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The day of the Battle of the Pelennor finally arrives! And, everything seems to happen at once. As the Tale of Years has it:
- In the early hours the Witch-king breaks the Gates of the City. Denethor burns himself on a pyre. The horns of the Rohirrim are heard at cockcrow. Battle of the Pelennor. Théoden is slain. Aragorn raises the standard of Arwen. Frodo and Samwise escape and begin their journey north along the Morgai. Battle under the trees in Mirkwood; Thranduil repels the forces of Dol Guldur. Second assault on Lórien.
Those last two items are important because we would not have learned them from simply reading the main narrative of The Lord of the Rings.
Like the previous date, today’s date is mentioned explicitly during Sam and Frodo’s escape from Cirith Ungol (in the chapter ‘The Land of Shadow’) to provide readers—though not the characters themselves—with an anchor to the calendar:
‘Look at it, Mr. Frodo!’ said Sam. ‘Look at it! The wind’s changed. Something’s happening. He’s not having it all his own way. His darkness is breaking up out in the world there. I wish I could see what is going on!’
It was the morning of the fifteenth of March, and over the Vale of Anduin the Sun was rising above the eastern shadow, and the south-west wind was blowing. Théoden lay dying on the Pelennor Fields.
As Frodo and Sam stood and gazed, the rim of light spread all along the line of the Ephel Dúath, and then they saw a shape, moving at a great speed out of the West, at first only a black speck against the glimmering strip above the mountain-tops, but growing, until it plunged like a bolt into the dark canopy and passed high above them. As it went it sent out a long shrill cry, the voice of a Nazgûl; but this cry no longer held any terror for them: it was a cry of woe and dismay, ill tidings for the Dark Tower. The Lord of the Ring-wraiths had met his doom.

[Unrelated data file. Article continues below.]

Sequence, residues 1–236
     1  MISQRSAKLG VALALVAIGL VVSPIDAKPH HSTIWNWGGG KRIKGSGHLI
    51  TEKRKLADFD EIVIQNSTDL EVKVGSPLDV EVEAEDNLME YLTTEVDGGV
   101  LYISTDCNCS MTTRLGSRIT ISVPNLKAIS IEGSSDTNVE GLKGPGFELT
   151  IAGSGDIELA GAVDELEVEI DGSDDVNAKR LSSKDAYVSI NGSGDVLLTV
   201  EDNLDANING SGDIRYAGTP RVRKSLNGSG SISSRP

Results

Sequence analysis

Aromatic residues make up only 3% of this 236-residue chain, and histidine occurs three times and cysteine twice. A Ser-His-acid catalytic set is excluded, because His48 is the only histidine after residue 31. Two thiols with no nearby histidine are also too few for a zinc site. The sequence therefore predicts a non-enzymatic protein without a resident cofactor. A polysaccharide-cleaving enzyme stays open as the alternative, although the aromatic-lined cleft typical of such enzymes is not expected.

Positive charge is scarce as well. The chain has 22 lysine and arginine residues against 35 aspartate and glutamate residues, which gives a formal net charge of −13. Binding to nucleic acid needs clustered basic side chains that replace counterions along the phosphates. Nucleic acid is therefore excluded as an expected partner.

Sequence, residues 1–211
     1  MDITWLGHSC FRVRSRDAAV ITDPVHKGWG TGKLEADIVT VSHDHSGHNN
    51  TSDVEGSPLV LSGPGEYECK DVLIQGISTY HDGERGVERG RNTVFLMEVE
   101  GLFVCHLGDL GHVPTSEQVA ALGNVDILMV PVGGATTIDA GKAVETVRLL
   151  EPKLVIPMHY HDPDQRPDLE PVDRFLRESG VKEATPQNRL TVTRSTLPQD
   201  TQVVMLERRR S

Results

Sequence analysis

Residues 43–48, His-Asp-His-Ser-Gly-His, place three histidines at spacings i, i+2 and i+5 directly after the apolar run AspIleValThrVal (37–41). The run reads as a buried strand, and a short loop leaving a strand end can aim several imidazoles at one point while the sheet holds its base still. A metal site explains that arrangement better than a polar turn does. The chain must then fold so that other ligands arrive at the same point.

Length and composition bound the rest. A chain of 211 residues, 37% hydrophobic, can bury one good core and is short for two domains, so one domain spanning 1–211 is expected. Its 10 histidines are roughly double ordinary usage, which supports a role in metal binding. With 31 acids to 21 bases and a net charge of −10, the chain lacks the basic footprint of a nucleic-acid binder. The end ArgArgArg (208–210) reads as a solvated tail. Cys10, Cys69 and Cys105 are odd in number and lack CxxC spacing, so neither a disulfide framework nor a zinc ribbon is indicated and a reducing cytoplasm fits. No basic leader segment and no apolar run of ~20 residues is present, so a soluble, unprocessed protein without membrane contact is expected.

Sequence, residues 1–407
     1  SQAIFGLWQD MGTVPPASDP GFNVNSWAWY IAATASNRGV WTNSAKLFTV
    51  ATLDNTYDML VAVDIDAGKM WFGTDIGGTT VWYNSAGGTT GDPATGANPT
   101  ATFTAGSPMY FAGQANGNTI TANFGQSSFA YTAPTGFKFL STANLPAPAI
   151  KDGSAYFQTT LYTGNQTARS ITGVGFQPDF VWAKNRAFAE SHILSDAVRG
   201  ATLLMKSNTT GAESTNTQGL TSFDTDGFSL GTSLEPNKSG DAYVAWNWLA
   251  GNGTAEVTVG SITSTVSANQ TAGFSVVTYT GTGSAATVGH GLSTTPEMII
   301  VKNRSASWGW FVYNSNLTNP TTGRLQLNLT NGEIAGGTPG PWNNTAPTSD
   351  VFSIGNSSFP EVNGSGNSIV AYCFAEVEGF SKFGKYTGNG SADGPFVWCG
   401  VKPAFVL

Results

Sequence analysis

‘What did I tell you? Something’s happening!’ cried Sam. ‘“The war’s going well,” said Shagrat; but Gorbag he wasn’t so sure. And he was right there too. Things are looking up, Mr. Frodo. Haven’t you got some hope now?’
‘Well no, not much, Sam,’ Frodo sighed.
The story makes no further mention of the calendar through all of Frodo and Sam’s final journey to the Mountain—an explicit date won’t be mentioned again until Frodo wakes in Ithilien in the ‘The Field of Cormallen’ on April 8th.
Sam has collected Orc-gear small enough for hobbits, while Frodo has gathered all he can find of his lembas wafers. Disguised as Orcs of Mordor, they again use the Phial to pass the Watchers, whose cry attracts a Nazgûl to the fortress. Frodo and Sam hurry away down the road.